Photography, for me, is a way of seeing things differently; not only does it enable me to capture the precious and fleeting moments in my kids childhood, it also encourages me to see the beauty where others cannot. Living in Bangkok, Thailand, I have had the opportunity to photograph some of the most beautiful temples, beaches and scenery you could imagine; but my favourite photography spot is Nakhon Khlong Toey, more commonly referred to as the Khlong Toey slums. This area is one of the largest low income family communities in Bangkok and home to approximately 100,000 people. It is about 1.5 square kilometers in size, and the land is relatively low and swamp-like. Many of the tin-roofed homes are on stilts over stagnant, polluted water, and the area is prone to flooding during the monsoon season.
Khlong Toey’s fate is currently uncertain as the land is prime real estate and is planned for major developments in the upcoming years, leaving the residents with an uncertain future. Many of the locals have resided in Khlong Toey since the 1950’s when the land was rented to people who came to the city looking for work. Cheap labour was needed in the capital at the time and through a land rental system, people could rent for a very low rate. Over time, this settlement grew and is now one of the largest slums in Bangkok. I decided to capture this community as I have volunteered in several of its kindergartens teaching English and was always so surprised by the world I was transported to as I walked through the narrow lanes. A world filled with women happily gossiping and washing their clothes surrounded by mucky faced children running around happily, usually accompanied by soi dogs or cats.
Khlong Toey has a bad reputation , which despite a huge reduction in crime and violence over the last decade, remains. It is not somewhere that is recommended for outsiders to roam. When friends learned I was spending time there myself taking photographs, everyone told me I was crazy and that I should never go down there. It is definitely not somewhere I would go at night but I felt safe going there in the early morning when children were preparing for school and the local cockrills were making their calls for the day to begin.
What I saw in the area was extreme poverty, desperation and at time so much trash I could barely see the entrance to the homes. The narrow lanes wind into a labyrinth of tin-roofed shacks where holes in the walls are covered with old posters and beer advertisements. But beyond all of that, I saw the beauty. Through taking my camera to the “slums”, I was introduced to an incredible community of strong women, fun loving children and exceptionally proud men. Everyone I came in contact with greeted me and my camera with a smile and a genuine warmth that is rare in many other communities.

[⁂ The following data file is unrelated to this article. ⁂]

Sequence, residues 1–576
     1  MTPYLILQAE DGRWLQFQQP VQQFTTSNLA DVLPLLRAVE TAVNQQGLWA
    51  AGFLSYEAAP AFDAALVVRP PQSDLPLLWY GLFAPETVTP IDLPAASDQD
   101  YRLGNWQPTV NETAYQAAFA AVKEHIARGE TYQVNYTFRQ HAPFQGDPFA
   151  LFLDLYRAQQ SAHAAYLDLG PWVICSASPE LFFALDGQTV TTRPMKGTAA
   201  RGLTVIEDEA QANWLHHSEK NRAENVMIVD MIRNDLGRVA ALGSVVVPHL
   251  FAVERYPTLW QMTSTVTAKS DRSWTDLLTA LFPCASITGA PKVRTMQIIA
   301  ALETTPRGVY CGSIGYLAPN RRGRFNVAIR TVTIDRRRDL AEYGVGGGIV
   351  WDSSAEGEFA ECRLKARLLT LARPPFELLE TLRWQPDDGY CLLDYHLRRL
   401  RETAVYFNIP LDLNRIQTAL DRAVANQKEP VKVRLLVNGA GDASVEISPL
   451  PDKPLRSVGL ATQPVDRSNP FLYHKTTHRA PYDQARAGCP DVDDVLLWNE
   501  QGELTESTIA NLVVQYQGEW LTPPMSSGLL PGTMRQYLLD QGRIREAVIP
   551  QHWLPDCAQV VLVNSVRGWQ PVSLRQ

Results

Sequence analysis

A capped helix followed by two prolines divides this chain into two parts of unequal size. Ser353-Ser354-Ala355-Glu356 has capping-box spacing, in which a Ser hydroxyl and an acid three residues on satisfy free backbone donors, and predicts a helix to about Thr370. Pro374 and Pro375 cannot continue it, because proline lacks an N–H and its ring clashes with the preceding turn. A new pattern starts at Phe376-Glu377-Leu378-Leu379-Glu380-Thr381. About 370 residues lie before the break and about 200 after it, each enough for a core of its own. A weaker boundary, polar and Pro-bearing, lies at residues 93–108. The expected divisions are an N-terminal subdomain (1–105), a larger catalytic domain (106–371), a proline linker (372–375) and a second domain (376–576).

The warm welcomes of the people enabled me to get up close and capture the beauty and community spirit of this neighborhood. I don’t talk thai and the majority of people I was photographing couldn’t talk English but I learned very basic phrases so I could ask permission to capture them and to thank them. Strangely enough, hand gestures and a smile were all that was needed; everyone I approached was more than happy to be photographed and all enjoyed seeing themselves on my screen. At first, I went to capture the slums as I was just so stunned by the what I was witnessing and wanted to document this strange world I was seeing and knew they’d make great photographs. However, it became clear that what I was seeking was something different, I wanted to treat this community and it’s people with the respect they showed me and I wanted to not only capture the surroundings and living conditions , I wanted to share the deep connections and beauty that lay between the relationships of the neighbours and family members.
When I reflect on my time in the community, it’s no longer the “slums”, it’s a neighborhood rich in history, family bonds, and community spirit. A neighborhood where parents are working long hours to make little money to survive and provide for their children, elderly people struggling with illness and finding support in their neighbours and children finding the simplest of joys from items thrown away by others. It’s a hard place to live and I have so much respect for those who live there and make it a home.
I honestly believe if it wasn’t for my camera and this insatiable desire to capture this different perspective , I would have missed this side of Bangkok and what a shame that would have been. Through the medium of photography, we have the opportunity to not only open our eyes to new locations and people, but also our minds. As photographers, we have the ability to use our art to transport people and share the stories, lives and histories of others through our images. And as humans, we can use these moments with our camera to connect with people with respect and understanding, things we may have missed otherwise.